4K Netflix stream pirated for the first time

Posted Aug 29, 2015 by James Walker
The DRM on Netflix's ultra-high definition content has been broken for the first time, allowing pirates to upload a 4K episode of Breaking Bad to a private torrent site. The episode weighs in at nearly 18GB because of the high quality.
A booth showcasing the game consoles available for Netflix at the Toronto event.
A booth showcasing the game consoles available for Netflix at the Toronto event.
Digital Trends reports on the break-through for online pirates. The 4K content is protected by High-Bandwidth Digital Copy Protection 2.2 (HDCP) and has never been cracked before. The digital rights management (DRM) ensures that Netflix shows can only be watched by paying subscribers.
4K offers resolutions four times as great as with 1080p "Full HD". 4K is the equivalent of 2160p but has yet to go truly mainstream, primarily because of the cost of ultra-HD displays, high performance processors required to play it and the massive file sizes that accompany so much detail.
The leaked Breaking Bad episode is around 17.73GB in size and has a bit-rate of 41.3Mbps. Most people on an average broadband connection would not be able to successfully stream it; saving it onto a typical smartphone with 32GB of storage would take up over half of the total available space with just one video.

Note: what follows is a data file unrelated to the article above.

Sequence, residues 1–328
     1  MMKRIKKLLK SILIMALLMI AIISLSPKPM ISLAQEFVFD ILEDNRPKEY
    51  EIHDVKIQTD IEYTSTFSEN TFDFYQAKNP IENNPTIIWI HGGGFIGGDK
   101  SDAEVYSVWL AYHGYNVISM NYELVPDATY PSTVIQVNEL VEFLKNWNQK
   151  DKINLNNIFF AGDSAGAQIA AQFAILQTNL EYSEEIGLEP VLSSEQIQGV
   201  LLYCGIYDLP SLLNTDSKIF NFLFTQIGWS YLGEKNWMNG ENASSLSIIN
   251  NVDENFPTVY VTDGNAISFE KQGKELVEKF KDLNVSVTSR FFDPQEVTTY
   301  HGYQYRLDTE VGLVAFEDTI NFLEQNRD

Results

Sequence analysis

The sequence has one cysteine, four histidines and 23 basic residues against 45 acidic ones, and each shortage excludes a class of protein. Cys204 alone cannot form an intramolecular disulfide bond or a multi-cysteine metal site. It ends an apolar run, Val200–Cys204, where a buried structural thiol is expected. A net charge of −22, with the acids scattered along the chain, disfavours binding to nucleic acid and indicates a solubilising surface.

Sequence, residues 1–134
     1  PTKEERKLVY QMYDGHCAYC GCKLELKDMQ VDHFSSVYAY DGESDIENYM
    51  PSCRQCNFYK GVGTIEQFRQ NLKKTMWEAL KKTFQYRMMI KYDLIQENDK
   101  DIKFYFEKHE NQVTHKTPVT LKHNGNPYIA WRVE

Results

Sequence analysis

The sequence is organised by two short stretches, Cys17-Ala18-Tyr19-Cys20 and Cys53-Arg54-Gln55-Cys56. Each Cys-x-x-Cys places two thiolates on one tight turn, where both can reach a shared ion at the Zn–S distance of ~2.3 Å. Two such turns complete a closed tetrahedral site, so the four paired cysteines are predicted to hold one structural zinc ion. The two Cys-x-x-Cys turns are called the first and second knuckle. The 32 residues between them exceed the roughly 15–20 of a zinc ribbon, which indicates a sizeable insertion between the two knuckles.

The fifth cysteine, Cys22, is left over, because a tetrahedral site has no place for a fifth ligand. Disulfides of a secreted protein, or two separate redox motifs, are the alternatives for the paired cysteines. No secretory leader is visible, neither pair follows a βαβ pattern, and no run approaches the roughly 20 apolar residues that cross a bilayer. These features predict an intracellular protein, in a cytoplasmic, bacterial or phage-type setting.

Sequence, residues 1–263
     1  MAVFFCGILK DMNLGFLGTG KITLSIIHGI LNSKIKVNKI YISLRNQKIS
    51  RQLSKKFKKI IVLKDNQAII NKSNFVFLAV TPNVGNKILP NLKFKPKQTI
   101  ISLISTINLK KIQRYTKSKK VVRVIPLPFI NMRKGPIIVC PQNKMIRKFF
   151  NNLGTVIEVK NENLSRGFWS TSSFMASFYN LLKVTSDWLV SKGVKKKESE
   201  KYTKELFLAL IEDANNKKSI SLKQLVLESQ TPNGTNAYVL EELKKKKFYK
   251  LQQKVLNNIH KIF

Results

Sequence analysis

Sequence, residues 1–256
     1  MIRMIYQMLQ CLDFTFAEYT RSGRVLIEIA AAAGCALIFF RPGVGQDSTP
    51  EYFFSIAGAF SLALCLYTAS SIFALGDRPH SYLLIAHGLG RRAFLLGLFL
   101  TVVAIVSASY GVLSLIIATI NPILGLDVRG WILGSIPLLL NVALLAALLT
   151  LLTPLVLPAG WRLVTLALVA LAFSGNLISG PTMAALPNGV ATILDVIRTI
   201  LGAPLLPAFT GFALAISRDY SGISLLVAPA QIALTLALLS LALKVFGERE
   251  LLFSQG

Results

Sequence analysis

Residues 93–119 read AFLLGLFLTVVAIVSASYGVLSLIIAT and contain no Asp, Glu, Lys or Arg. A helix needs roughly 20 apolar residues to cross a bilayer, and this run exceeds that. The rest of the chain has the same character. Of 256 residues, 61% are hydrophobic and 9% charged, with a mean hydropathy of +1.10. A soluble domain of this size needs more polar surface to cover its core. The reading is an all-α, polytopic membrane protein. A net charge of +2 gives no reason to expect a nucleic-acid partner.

TorrentFreak reports that iON uploaded the episode to a private torrent tracker. It has already been downloaded a few times and is expected to make it to public providers eventually.
Sony's description of the protection on its Netflix streams says that the content is usually watermarked to contain "sufficient information such that forensic analysis of unauthorized recorded video clips of the output video shall uniquely determine the account to which the output video was delivered."
It is unclear whether the group has successfully removed the watermark or not. How the HDCP protection was cracked is currently unconfirmed but a screenshot of the torrent listing suggests that a lossless capture card was used to intercept the HDMI video output from a TV.
Netflix told TorrentFreak that it is investigating the incident. A spokesperson said: "We, like other content providers, are actively working on ways to protect content featured on our site."
If the leak is genuine then the first way of avoiding HDCP 2.2 may have just been found. If so, a lot more 4K content can be expected to be offered for illegal download until the vulnerability is found and patched if possible.